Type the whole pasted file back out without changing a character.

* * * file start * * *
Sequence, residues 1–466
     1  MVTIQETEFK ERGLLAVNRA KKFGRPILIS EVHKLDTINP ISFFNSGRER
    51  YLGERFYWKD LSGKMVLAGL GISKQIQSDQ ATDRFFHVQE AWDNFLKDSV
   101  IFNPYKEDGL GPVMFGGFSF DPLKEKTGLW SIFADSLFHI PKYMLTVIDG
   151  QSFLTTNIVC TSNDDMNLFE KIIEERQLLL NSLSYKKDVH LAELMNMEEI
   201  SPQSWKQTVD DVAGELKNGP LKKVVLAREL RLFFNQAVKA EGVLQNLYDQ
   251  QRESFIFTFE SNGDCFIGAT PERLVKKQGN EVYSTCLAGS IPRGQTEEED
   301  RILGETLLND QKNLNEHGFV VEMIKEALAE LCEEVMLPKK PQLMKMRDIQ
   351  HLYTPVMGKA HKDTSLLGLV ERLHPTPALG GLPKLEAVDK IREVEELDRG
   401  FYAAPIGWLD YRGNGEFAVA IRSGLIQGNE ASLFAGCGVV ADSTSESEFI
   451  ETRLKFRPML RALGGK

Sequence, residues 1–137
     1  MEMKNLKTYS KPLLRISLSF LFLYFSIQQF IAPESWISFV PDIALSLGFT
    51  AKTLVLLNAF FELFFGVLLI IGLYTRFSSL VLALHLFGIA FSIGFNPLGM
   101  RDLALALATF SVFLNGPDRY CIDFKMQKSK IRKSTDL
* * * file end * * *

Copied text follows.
Sequence, residues 1–466
     1  MVTIQETEFK ERGLLAVNRA KKFGRPILIS EVHKLDTINP ISFFNSGRER
    51  YLGERFYWKD LSGKMVLAGL GISKQIQSDQ ATDRFFHVQE AWDNFLKDSV
   101  IFNPYKEDGL GPVMFGGFSF DPLKEKTGLW SIFADSLFHI PKYMLTVIDG
   151  QSFLTTNIVC TSNDDMNLFE KIIEERQLLL NSLSYKKDVH LAELMNMEEI
   201  SPQSWKQTVD DVAGELKNGP LKKVVLAREL RLFFNQAVKA EGVLQNLYDQ
   251  QRESFIFTFE SNGDCFIGAT PERLVKKQGN EVYSTCLAGS IPRGQTEEED
   301  RILGETLLND QKNLNEHGFV VEMIKEALAE LCEEVMLPKK PQLMKMRDIQ
   351  HLYTPVMGKA HKDTSLLGLV ERLHPTPALG GLPKLEAVDK IREVEELDRG
   401  FYAAPIGWLD YRGNGEFAVA IRSGLIQGNE ASLFAGCGVV ADSTSESEFI
   451  ETRLKFRPML RALGGK

Sequence, residues 1–137
     1  MEMKNLKTYS KPLLRISLSF LFLYFSIQQF IAPESWISFV PDIALSLGFT
    51  AKTLVLLNAF FELFFGVLLI IGLYTRFSSL VLALHLFGIA FSIGFNPLGM
   101  RDLALALATF SVFLNGPDRY CIDFKMQKSK IRKSTDL